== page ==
Why Wireless Signals Won’t Work in Some Homes

Wireless router and cell phone

I just bought an old house, and I can’t seem to get a wireless Internet signal to transmit from one room to another. What could be causing this? -Pete

If wireless signals won’t transmit inside your home, chances are your walls contain something that’s blocking the signal. Wireless Internet, cell phone signals, and even over air radio and TV connections won’t pass through metal, including both solid metal and metal mesh.

Signal Blocking Materials

Depending on your home’s floor plan, you may have trouble transmitting signals from room to room, or receiving signals from outside. In homes and apartments, the most common culprits are:

  • Metal Plaster Lath: In older homes with plaster walls, metal mesh lathing or even chicken wire was attached to the wall studs and ceiling joists as the base for the plaster. The imbedded metal wire can blocks signals – such as Wi-Fi or cell phone reception – from getting through.
  • Metal Stucco Lath: If your home’s exterior is stucco, it may also be imbedded with metal mesh. While your wireless signal should work between rooms, you may find it difficult to receive cell phone or over air TV reception from outside your home.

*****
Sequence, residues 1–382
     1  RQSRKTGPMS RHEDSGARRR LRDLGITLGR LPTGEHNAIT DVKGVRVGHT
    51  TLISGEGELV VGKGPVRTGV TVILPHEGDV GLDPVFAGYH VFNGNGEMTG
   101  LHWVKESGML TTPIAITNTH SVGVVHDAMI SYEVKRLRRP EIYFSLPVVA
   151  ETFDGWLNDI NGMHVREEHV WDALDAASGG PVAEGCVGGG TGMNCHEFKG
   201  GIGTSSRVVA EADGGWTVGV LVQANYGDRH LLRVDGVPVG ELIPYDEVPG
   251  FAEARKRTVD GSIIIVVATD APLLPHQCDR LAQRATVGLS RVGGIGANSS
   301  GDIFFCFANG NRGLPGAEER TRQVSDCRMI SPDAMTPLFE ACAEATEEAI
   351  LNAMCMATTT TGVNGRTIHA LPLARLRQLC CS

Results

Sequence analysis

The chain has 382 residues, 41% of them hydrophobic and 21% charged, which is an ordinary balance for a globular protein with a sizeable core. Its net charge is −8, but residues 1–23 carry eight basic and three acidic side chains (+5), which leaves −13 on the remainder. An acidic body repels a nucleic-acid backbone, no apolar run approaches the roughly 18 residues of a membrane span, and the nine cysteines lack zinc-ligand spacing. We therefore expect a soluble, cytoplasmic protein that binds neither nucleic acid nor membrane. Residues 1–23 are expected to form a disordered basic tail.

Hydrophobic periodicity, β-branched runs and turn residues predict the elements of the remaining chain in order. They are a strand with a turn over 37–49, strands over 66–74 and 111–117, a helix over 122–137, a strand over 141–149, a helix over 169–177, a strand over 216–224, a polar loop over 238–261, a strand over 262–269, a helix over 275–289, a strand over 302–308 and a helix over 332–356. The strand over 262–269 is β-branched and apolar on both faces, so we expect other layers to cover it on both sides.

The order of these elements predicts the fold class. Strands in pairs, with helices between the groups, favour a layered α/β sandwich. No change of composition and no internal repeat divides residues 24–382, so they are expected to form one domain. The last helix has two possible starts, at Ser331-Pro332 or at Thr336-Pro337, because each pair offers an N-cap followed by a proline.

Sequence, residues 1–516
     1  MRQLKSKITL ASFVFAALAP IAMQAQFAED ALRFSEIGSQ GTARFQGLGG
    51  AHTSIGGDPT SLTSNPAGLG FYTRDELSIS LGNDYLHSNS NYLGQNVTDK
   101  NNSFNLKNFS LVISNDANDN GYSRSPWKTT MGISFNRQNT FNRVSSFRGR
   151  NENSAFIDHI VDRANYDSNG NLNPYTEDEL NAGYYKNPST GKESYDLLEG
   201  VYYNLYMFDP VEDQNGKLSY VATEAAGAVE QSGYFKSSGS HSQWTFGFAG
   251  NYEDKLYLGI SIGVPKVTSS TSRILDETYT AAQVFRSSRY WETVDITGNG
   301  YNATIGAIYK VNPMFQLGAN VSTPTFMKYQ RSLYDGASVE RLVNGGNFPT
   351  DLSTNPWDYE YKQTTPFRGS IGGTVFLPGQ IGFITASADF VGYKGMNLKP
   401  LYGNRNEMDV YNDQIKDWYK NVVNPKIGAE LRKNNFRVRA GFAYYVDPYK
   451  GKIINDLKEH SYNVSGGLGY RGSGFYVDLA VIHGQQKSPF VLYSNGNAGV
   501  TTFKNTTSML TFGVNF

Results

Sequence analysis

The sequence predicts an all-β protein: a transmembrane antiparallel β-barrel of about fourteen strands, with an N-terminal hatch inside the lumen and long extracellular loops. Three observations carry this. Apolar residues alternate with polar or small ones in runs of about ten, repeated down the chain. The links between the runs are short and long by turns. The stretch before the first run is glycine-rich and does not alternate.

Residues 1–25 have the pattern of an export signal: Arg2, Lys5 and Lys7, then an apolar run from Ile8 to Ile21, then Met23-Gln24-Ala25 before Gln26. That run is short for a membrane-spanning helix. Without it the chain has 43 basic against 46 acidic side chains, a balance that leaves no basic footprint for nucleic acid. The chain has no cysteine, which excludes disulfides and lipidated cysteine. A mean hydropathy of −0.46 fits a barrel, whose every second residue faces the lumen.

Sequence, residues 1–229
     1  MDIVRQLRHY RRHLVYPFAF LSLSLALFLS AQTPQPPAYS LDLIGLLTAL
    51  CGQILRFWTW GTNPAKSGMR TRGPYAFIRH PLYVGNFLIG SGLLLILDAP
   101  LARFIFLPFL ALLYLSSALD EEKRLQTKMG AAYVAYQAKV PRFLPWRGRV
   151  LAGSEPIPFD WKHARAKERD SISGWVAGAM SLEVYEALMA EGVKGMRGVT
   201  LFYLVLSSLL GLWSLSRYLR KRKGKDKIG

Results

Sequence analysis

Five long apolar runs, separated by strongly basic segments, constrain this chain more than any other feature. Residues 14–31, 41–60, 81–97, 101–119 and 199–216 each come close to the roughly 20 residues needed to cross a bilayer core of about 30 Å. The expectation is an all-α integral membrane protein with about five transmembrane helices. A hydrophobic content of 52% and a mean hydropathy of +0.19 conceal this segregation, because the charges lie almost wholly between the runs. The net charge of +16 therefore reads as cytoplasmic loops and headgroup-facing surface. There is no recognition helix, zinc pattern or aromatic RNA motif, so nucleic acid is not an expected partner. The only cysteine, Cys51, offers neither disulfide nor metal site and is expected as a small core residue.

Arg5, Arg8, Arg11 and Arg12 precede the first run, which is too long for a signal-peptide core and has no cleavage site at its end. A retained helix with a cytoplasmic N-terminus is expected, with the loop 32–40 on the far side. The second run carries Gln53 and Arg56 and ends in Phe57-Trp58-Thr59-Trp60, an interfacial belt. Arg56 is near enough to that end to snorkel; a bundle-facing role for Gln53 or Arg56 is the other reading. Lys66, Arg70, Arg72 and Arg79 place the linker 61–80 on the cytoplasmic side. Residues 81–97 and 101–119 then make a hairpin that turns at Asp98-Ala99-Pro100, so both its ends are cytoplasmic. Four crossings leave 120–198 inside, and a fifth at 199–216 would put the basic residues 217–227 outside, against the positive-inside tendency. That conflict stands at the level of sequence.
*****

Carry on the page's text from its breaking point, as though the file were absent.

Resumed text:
• Foil Insulation: In more modern houses, the problem may be with foil backed insulation board or housewrap. While these products are most often used on the exterior walls, sometimes they’re also used to insulate kitchens and baths, or between apartments.
  • Other Signal Blocking Obstacles: If the signal is getting disrupted or is weak, there may be wave bouncing obstacles in its path – such as metal ductwork, steel girders, steel reinforced concrete, or water (such as a pool).

How to Increase Wireless Signals

To improve wireless signals in your home, try these tips:

  • Put your wireless router in the basement and see if the signal will transmit through the wood framed floors.
  • Find and remove whatever is blocking the signal. This may involve removing plaster or stucco, or opening up your home’s floor plan.
  • Consider multiple routers or signal enhancing devices to help your network broadcast from room to room.
  • Alternatively, you can forego wireless, and outfit your home with a hard wired network.

Blocking Electromagnetic Signals

While poor wireless reception can be frustrating if you’re trying to install a computer network or send a text message, some homeowners intentionally shield their houses from electromagnetic signals and radiation by imbedding metal mesh inside walls, ceilings, and floors to create an enclosed metal space – known as a Faraday cage – that’s immune to outside radiation.

Further Information